Art and commentary by Kimberly Harris

Posts tagged ‘alan greenspan’

The Tragedie of Macben and the Bubble Economie

Macben is posing next to his printing press which is churning out new US currency

Macben is saving the economie with his magick prynting presse

Act 4
In an abandoned Metro tunnel deep below the nation’s capital, three witches are conjuring up trouble for Macben. As they parade around a steaming cauldron, the faint rumbling of an Orange Line train can be heard in the distance.

First Witch
Thrice the brittle hedge funds stumbled

Second Witch
Thrice and once the walled street tumbled

Third Witch
Speculators cry “‘Tis time, ’tis time.”

First Witch
Round about the cauldron go;
In the poison’d debt throw:
Freddie Mac and Fannie Mae
A-I-G and B-of-A
Goldman Sachs and rich folks tax
Dash of TARP and spoiled carp
Medicare and Medicaid
Student loans and underwater homes
Securitize and monetize

Double, double, toil and trouble;
Economy burn and cauldron bubble.

Second Witch
Pundits mumble, never humble
Irrational exuberance and unwise bets
Greek debt and subprime mortgages
Offshored jobs and moribund industries
Bloated bonuses and insider trading
Bernie Madoff and R. Allen Stanford
Into the cauldron hot and deep

Double, double, toil and trouble;
Economy burn and cauldron bubble.

Three witches are stirring a cauldron full of poisonous ingredients

The triple witching hour has arrived and the Weird Sisters are preparing a potion to cast powerful spells upon the economie

Third Witch
Real estate crumble, derivatives fumble
Bankers grumble and Congress bumble
Unemployment riseth and inflation loometh
Administration waverth and GSA partieth
Treasury selleth and China buyeth
Liquidity traps and shadow stats,
Mark-to-market, bondholder haircut
Moody’s, Fitch and S&P
Sovereign downgrades and party of tea
QE1, QE2 and QE3 soon to be
Manipulate and stimulate

Double, double, toil and trouble;
Economy burn and cauldron bubble.

Second Witch
Cool it with a failed IPO,
Then the charm is firm and good.

Enter Geitnercate with three witches

Oh well done! I commend your pains,
And every one shall share i’ th’ capital gains.
And now about the cauldron sing,
Like bulls and bears in a ring,
Enchanting all that you invest in.

Second Witch
By the picking of my stocks
Something wicked this way comes.
Open, locks,
Whoever knocks.

How now, you secret, black, and midnight hags?
Has the dreaded hour of triple witching at last arrived?
What is ’t you do?

A deed that goes by many names.

I conjure you by that which you profess—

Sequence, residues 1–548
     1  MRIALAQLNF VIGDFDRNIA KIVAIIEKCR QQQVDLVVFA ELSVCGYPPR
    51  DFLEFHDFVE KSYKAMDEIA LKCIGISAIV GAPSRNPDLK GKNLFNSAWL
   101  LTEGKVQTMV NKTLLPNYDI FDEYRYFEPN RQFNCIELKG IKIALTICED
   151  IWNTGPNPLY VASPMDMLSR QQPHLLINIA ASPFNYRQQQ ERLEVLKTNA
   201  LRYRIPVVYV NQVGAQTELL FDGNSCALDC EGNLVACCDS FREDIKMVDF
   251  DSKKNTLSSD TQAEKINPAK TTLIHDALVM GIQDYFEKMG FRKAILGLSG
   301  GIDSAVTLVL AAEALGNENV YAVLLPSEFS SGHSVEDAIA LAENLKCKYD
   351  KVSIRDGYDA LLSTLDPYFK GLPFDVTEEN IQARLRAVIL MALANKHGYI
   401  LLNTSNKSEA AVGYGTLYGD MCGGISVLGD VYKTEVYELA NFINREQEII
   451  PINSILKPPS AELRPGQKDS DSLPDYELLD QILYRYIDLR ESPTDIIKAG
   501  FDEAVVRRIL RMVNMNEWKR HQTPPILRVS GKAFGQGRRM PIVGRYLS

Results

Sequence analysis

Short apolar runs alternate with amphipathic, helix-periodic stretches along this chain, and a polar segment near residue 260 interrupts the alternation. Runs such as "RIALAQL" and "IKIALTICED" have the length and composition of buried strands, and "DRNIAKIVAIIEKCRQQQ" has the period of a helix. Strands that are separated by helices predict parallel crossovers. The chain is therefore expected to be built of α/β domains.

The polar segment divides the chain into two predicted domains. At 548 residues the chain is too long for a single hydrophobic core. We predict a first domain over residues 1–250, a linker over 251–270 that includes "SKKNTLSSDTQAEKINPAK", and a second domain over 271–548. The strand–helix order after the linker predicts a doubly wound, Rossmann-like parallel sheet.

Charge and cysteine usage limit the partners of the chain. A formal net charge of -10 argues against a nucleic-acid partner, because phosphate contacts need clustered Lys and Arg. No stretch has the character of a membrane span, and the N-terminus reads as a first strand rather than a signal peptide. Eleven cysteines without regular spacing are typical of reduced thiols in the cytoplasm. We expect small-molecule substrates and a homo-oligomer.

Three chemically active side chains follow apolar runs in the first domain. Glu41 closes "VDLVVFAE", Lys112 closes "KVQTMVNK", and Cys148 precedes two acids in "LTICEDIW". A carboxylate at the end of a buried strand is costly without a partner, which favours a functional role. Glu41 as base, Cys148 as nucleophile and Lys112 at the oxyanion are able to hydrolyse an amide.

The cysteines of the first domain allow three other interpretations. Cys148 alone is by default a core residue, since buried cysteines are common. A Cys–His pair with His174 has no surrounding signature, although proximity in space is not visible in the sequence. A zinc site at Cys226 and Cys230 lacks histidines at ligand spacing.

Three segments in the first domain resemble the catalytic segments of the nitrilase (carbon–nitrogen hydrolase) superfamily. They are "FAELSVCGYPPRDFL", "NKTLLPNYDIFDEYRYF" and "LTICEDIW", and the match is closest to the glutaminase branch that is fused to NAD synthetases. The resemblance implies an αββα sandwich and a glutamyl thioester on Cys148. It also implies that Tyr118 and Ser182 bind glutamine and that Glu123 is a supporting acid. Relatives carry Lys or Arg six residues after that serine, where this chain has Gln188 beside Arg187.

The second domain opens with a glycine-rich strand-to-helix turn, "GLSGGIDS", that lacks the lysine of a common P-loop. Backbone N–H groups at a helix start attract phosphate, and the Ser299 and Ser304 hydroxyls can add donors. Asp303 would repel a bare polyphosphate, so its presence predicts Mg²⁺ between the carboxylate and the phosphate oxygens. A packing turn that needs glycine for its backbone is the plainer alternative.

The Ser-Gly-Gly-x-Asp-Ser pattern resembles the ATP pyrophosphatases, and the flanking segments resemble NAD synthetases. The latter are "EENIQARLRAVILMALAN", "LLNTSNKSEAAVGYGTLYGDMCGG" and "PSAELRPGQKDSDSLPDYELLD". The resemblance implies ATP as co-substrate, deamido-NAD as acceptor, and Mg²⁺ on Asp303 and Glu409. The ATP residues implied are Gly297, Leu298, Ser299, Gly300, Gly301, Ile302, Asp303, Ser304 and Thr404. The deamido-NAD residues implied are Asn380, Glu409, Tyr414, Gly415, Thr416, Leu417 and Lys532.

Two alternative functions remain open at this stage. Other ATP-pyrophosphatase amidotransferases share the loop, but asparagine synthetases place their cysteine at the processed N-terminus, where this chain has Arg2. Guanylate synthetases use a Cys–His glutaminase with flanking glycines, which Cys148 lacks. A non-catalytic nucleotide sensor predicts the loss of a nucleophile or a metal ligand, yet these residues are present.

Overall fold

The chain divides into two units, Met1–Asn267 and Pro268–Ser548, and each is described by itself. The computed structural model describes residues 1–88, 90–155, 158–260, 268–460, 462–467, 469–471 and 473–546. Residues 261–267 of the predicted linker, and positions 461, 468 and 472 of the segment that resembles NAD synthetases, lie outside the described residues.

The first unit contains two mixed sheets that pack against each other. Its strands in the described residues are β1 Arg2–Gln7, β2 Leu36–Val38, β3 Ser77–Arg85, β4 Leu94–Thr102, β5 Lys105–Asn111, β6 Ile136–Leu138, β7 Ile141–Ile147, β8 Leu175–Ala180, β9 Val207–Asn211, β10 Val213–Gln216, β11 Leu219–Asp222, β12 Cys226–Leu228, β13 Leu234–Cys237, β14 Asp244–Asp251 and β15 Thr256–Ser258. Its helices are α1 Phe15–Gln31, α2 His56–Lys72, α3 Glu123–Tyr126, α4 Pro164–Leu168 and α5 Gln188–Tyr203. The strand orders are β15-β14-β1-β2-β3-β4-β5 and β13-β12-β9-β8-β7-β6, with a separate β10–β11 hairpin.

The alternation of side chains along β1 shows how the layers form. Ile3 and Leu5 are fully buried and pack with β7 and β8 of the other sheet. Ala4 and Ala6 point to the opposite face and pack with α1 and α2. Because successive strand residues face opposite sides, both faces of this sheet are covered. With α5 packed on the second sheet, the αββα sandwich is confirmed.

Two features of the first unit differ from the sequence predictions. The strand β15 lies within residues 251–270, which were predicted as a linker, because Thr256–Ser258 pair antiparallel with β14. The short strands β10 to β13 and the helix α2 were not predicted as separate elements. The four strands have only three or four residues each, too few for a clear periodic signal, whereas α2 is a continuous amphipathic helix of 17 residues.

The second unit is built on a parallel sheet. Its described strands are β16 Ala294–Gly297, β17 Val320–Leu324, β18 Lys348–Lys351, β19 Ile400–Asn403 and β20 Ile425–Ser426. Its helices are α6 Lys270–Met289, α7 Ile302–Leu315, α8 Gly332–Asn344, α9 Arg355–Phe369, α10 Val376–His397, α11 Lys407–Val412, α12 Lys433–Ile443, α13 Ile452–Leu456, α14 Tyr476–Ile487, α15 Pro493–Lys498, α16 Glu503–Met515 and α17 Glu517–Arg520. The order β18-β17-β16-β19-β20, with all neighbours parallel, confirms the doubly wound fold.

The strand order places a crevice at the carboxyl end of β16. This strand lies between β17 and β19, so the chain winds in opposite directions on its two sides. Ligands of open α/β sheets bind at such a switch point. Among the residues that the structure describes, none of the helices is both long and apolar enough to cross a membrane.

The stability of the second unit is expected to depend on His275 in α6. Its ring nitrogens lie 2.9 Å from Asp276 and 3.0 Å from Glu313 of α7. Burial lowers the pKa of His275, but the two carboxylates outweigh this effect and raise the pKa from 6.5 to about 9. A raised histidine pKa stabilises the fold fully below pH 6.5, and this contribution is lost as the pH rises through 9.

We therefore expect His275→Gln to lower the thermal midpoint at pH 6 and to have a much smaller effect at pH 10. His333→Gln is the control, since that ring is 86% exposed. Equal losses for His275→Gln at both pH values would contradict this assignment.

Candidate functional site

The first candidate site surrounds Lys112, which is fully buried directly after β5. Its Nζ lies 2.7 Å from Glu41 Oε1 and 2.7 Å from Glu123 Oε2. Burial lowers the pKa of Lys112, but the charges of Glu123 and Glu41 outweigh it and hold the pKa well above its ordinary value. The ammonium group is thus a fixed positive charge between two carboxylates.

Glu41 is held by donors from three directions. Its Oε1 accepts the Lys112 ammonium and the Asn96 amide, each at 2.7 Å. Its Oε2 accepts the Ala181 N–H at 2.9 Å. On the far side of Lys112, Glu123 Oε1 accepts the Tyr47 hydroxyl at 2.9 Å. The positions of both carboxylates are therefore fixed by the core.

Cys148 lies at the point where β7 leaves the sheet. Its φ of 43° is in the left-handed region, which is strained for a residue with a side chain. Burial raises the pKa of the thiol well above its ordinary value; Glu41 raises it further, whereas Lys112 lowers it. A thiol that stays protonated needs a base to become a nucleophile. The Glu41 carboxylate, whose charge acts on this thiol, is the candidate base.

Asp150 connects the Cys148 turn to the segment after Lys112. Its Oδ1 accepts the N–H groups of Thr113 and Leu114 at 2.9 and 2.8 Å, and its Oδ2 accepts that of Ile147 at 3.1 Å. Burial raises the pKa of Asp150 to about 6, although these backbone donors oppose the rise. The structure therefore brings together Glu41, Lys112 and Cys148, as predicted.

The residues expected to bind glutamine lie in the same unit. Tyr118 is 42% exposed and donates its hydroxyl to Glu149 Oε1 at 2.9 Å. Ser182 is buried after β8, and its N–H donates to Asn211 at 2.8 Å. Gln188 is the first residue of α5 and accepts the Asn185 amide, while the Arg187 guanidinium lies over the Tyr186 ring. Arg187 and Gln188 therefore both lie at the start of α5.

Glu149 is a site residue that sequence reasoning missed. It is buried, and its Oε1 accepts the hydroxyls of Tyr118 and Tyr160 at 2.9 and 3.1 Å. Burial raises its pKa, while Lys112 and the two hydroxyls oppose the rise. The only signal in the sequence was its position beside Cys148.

Howe’er you come to know it,
Insider information or salmon coloured journal
Answer me.
Though you untie the currencies and let them fight
Against the banks, though the yeasty valuations
Confound hedge fund managers and day traders alike
Though swaps be lodged and derivatives blown down,
Though investment houses topple on their warders’ heads,
Though online brokerage firms do slope
Their revenues to their foundations, though the treasure
Of the world economy tumble all together,
Even till destruction sicken, answer me
To what I ask you.

First Witch

Second Witch

Third Witch
We’ll answer

First Witch
Say, if th’ hadst rather hear it from our mouths,
Or from our masters’.

Call ’em. Let me see ’em.

First Witch
Pour in the tears of analysts that hath eaten red ink
Add lobbyist’s grease that graced the Congressional palms
Into the flame

Come, high or low;
Thyself and office deftly show!

The ghostly disembodied head of John Maynard Keynes

A burst of light flashes down the darkened tunnel.
An apparition slowly rises from the steaming cauldron.
It is the ghost of renowned stimulator John Maynard Keynes


Tell me, thou long lamented sage

First Witch
He knows thy thoughts
Hear his speech, but say thou nought.

First Apparition
Macben! Macben! Macben!
Beware McRon, the thane of Paul.
Be seduced not by his gilded standard
Instead manipulate and stimulate
Dismiss me. Enough!

The specter descends back into the cauldron.

Wherever thou art, for thy good caution, thanks
Thou hast harp’d my fear aright. But one word more—
Will fair Fedres be occupied, audited or perchance abolished?

First Witch
He will not be commanded. Here’s another
More potent than the first

The ghostly disembodied head of Richard Nixon.


A thunderclap is heard. A second apparition slowly resolves from the cauldron’s steamy mist. It is the ghost of Richard Nixon, slayer of the gold standard and champion of fiat money.



Second Apparition
Macben! Macben! Macben!

Had I three ears and Siri too, I’d hear thee, o tormented spirit.

Second Apparition
Be greedy, bold, and resolute. Laugh to scorn
The allure of gold and its falsehearted charm
For as long as the presses roll
No harm shall visit Macben

Then preach on. What need I fear of McRon?
But yet I can’t be double sure, so I take my chance
That the fates will prescribe no nomination
And that I may continue to voice pale-hearted lies
And slumber roundly innocent of inflationary dread.

Nixon’s ghost dissolves back into the eerie fog

The ghostly disembodied head of Alan Greenspan



A lightning bolt flashes. A third apparition rises from the steaming cauldron. It is the doppelgänger of Alan Greenspan, the architect of the great housing bubble


What is this spirit
That rises like the issue of an elder,
Wearing upon his bald-brow creases of wisdom
While pronouncing equivocal fedspeak